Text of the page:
Very disappointing given that timing of maintenance and replacement of stock is an important part of PT infrastructure planning for the city.
PRODUCTION of 50 new low-floor trams for Melbourne has fallen a year behind schedule because Dandenong-based manufacturer Bombardier has battled with the complex demands of building them.
The first of the trams was meant to be delivered to the state government on December 19 but will instead arrive by the end of July, seven months late.
”We’ve designed a tram that’s going to be fit to meet Melbourne’s infrastructure requirements, and that’s been really complex,” Mr Spink said. ”It’s a brand new [type of] tram that’s being built and that’s had its engineering issues.”
A number of Bombardier’s local suppliers have also struggled with the project’s demands with some going out of business. But Mr Spink said the company was on top of its problems now, and would speed up production.
Public Transport Victoria chief executive Ian Dobbs said it was now clear Bombardier had underestimated the complexity of the project.
”We are extremely disappointed with Bombardier’s failure to meet the contract delivery date for the first tram,” Mr Dobbs said. ”We accept that they have faced a lot of problems with construction and also with the collapse of some key suppliers, but until recently we had received assurances that new processes would be put in place to make up lost time.”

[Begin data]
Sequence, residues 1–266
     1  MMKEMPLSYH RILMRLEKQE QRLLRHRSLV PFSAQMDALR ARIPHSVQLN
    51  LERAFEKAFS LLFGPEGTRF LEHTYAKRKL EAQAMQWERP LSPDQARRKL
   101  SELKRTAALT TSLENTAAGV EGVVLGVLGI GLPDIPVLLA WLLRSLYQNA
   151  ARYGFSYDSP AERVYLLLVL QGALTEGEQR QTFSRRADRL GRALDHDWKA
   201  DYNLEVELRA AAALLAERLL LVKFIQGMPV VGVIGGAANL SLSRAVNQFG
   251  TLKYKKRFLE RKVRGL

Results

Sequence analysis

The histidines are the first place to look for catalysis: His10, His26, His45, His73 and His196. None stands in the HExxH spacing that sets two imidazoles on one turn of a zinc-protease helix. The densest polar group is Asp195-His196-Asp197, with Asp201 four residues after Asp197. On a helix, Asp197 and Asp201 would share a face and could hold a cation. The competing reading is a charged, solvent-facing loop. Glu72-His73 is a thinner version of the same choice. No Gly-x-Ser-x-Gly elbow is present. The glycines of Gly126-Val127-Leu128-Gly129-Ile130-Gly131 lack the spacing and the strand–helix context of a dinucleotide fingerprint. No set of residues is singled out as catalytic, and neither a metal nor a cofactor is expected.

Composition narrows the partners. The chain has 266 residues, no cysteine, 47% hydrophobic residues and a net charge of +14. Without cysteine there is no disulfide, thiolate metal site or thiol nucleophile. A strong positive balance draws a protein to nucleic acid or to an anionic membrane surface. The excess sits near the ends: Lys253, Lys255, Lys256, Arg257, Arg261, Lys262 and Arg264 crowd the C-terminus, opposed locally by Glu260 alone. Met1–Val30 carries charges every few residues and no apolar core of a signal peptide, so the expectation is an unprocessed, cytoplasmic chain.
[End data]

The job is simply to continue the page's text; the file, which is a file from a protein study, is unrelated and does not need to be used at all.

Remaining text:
Bombardier will be financially penalised for missing its deadline, although a Public Transport Victoria spokesman said the authority had not yet calculated the amount.
The new trams are a $300 million project to add capacity to Melbourne’s straining network. The first will be deployed on route 96 between East Brunswick and St Kilda, the city’s busiest tram route.
The trams carry 210 passengers, more than any other in the network, and are the first to be manufactured in Melbourne since the early 1990s. Bombardier has also built 134 VLocity train carriages for V/Line, Metro’s ageing fleet of Comeng trains, and Yarra Trams’ Z, A and B-class trams.
The delay in low-floor trams in turn delays deployment of high-capacity trams from route 96 to other lines. Yarra Trams spokesman Colin Tyrus said the operator was looking forward to getting the first new tram, to be called the E-Class, but did not say which routes would get the freed-up high-capacity trams.
New low-floor tram stops have recently been built along High Street in Northcote as part of a $30 million project to improve tram travel times along route 86 from Bundoora to Docklands. Low-floor trams do not yet run along that route.
August 18, 2012 Adam Carey
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